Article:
Briefly noted, in the December 10 issue of America:

From its beginning, Occupy Wall Street has sought to embody a truly democratic community while also responding to people’s basic needs. In the wake of Hurricane Sandy, Occupy has been able to coordinate an effective relief effort—hot meals, water, medicine and blankets—because of an internal culture that quickly turns volunteers into organizers and expands its reach. The movement has also worked closely with local churches. “Nearly every major distribution site is a church,” said Nathan Schneider, of Occupy Catholics. “This movement is recognizing the vital role religion can and must play in transformation in this society, both in terms of politics and the imagination.”

In addition to the relief effort, this religious imagination has also helped Occupy develop creative responses to the larger economic problems that plague the country. The Rolling Jubilee campaign, launched on Nov. 15, raises money to buy defaulted debt at pennies on the dollar and then abolishes the debt—drawing from the Jubilee tradition in the Hebrew Scriptures. Tim Worstall, a contributor to Forbes, called it an idea “we can all get behind.”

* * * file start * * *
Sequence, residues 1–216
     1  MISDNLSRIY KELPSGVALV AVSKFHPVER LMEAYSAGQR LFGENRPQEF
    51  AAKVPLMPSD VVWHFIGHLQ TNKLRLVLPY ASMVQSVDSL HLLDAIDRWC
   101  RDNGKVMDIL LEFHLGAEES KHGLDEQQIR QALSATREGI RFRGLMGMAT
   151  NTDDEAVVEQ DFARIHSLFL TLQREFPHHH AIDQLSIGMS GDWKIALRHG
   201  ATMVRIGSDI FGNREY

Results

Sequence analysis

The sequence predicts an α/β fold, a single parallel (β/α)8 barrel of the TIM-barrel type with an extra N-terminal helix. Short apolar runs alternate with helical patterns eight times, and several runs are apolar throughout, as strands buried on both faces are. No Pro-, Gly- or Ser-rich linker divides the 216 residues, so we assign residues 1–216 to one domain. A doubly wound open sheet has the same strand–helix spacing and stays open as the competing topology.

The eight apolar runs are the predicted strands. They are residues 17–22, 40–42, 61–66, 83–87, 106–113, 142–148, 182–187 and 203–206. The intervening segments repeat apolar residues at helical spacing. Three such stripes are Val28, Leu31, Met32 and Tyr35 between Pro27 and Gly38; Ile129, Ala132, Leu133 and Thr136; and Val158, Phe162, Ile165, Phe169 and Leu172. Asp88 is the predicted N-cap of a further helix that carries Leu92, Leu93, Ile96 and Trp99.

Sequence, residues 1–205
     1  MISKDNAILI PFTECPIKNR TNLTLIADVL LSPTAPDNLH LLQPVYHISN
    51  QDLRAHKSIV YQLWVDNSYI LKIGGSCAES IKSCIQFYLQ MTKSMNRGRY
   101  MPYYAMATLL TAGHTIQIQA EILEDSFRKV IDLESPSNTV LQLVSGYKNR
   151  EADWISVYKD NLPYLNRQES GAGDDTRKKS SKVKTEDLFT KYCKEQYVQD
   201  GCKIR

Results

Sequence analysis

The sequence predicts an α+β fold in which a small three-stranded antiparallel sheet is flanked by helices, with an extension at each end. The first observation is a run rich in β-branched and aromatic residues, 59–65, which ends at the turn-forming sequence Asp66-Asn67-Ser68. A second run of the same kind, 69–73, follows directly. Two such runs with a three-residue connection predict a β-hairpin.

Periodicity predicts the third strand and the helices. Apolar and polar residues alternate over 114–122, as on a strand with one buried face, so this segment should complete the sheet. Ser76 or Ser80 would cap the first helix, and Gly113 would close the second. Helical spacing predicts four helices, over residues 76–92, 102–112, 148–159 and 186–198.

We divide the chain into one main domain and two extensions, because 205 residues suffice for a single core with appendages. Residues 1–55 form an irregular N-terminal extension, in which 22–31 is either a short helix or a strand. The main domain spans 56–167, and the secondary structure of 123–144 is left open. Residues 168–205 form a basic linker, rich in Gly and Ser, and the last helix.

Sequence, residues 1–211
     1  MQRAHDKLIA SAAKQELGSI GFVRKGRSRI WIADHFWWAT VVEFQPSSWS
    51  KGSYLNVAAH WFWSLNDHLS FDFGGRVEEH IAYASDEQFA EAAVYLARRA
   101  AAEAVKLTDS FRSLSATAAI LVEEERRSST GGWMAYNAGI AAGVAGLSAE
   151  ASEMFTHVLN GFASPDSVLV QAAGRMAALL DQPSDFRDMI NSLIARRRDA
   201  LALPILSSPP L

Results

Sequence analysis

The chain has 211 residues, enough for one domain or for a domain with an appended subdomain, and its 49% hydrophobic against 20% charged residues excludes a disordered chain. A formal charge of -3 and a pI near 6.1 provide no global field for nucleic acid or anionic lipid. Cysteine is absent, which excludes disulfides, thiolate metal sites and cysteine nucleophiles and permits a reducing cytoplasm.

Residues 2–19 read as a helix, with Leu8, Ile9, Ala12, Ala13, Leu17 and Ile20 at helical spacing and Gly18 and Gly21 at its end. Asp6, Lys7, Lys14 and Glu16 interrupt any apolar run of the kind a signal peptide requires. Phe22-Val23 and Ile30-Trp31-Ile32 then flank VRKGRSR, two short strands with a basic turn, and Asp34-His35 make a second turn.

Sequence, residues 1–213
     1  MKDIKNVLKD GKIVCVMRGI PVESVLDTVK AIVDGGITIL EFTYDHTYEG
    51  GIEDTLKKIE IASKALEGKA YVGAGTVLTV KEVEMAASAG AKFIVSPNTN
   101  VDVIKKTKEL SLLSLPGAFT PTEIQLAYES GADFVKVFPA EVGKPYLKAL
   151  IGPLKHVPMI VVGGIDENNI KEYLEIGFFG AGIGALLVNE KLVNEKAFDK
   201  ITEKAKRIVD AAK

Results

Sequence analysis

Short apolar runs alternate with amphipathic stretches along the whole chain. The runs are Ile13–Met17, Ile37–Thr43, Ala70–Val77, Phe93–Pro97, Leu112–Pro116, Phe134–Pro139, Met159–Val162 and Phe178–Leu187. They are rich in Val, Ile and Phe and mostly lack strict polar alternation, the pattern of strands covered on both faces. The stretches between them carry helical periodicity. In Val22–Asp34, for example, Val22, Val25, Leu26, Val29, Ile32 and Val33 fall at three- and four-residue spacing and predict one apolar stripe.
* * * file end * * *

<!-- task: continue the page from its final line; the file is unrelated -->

Lending money, like building a budget, is a matter of moral concern. This is why Occupy Catholics and other faith-based groups seek to increase the usage of the terms jubilee and usury in conversations about economics. “The cruelest features of our economic system” need to “be seen for the sins that they really are,” explained Occupy Catholics. As Occupy Wall Street enters its second year, it is evident that the movement has staying power and is growing in relevance and effectiveness in addressing the nation’s economic woes.

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